Digital information is
stored using a series of ones and zeros. Computers are digital
machines because they can only read information as on or off -- 1 or
0. This method of computation, also known as the binary system, may
seem rather simplistic, but can be used to represent incredible
amounts of data. CDs and DVDs can be used to store and play back
high-quality sound and video even though they consist entirely of
ones and zeros.
Unlike computers, humans perceive information in
capture auditory and visual signals as a continuous stream. Digital
devices, on the other hand, estimate this information using ones and
zeros. The rate of this estimation, called the "sampling rate,"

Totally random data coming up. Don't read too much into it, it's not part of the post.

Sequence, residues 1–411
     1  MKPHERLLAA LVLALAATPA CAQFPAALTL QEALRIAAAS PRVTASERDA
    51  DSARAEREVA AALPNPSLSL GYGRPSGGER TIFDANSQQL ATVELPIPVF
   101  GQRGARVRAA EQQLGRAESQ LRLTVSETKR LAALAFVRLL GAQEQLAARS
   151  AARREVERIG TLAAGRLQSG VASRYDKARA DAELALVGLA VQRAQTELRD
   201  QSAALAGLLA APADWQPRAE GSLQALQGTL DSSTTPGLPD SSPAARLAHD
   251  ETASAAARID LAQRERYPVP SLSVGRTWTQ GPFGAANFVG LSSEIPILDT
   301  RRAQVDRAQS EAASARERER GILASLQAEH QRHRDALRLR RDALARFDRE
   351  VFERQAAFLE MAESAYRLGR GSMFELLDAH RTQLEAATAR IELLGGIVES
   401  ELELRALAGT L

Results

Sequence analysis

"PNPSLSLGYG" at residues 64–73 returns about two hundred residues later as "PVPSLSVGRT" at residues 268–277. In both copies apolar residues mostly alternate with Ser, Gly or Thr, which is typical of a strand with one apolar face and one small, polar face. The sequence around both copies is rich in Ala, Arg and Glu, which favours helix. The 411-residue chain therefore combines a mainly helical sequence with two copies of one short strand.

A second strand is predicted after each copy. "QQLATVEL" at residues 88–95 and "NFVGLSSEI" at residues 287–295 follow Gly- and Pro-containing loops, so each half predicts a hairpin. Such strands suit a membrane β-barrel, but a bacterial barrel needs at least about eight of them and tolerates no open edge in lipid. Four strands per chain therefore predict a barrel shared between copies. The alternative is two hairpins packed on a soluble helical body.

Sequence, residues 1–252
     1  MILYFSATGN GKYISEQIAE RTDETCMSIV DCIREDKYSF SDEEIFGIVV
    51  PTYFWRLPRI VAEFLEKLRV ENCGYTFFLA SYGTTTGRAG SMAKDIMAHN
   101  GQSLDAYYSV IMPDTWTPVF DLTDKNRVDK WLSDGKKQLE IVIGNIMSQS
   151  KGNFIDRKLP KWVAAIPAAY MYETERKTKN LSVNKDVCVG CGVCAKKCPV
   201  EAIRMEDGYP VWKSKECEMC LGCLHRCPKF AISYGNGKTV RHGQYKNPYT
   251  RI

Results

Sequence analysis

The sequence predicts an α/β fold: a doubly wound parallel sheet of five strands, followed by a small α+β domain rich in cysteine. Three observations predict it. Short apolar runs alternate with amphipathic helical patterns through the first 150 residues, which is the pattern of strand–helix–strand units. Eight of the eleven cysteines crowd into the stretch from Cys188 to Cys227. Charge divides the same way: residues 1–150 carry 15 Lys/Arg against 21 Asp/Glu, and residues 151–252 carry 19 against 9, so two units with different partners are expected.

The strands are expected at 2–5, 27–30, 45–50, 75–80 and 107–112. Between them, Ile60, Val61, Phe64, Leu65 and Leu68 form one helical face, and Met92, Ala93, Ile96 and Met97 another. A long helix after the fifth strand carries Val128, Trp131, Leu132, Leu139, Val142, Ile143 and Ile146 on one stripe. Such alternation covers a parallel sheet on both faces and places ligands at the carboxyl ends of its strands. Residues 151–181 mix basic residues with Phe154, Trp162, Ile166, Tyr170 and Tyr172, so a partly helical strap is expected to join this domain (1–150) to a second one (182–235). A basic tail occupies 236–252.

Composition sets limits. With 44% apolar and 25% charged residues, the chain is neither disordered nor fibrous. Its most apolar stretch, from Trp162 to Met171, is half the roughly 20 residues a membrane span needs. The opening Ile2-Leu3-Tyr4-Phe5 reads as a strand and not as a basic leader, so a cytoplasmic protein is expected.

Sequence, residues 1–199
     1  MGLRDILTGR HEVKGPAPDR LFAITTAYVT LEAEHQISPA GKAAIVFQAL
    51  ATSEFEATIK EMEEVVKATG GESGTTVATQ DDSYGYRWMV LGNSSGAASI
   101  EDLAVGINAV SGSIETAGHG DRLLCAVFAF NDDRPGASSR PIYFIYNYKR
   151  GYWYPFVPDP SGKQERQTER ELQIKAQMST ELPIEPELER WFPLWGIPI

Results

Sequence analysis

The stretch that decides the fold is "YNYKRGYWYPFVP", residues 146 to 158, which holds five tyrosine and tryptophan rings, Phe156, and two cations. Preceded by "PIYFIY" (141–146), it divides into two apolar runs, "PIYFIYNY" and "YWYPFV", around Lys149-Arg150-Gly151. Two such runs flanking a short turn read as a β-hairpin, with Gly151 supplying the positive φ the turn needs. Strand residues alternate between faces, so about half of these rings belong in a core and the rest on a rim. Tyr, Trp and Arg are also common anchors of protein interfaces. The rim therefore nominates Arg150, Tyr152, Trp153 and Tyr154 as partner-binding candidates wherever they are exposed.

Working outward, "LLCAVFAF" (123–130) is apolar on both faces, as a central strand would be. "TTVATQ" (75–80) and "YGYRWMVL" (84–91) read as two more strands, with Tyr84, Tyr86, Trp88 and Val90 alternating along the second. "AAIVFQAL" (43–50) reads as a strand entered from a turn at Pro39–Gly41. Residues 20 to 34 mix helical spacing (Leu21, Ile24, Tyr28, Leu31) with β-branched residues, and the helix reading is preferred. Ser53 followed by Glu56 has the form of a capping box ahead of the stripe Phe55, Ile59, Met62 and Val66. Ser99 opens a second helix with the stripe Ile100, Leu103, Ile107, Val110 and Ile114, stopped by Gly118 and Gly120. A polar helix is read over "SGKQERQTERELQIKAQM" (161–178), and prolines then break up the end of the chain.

combined with how much information is included in each sample (the
bit depth), determines how accurate the digital estimation is.
For example, a typical CD audio track is sampled at 44.1 KHz (44,100
samples per second) with a bit depth of 16 bits. This provides a
high-quality estimation of an analog audio signal that sounds
realistic the human ear. However, a higher-quality audio format,
such as a DVD-Audio disc, may be sampled at 96 KHz and have a bit
depth of 24 bits. The same song played on both discs will sound more
smooth and dynamic on the DVD-Audio disc.
Since digital information only estimates analog data, an analog
signal is actually more accurate than a digital signal. However,
computers only work with digital information, so storing data
digitally makes more sense. Unlike analog data, digital information
can also be copied, edited, and moved without losing any quality.
Because of the benefits digital information offers, it has become
the most common way of storing and reading data.
For more information on analog and digital technology, view the
Help Center article.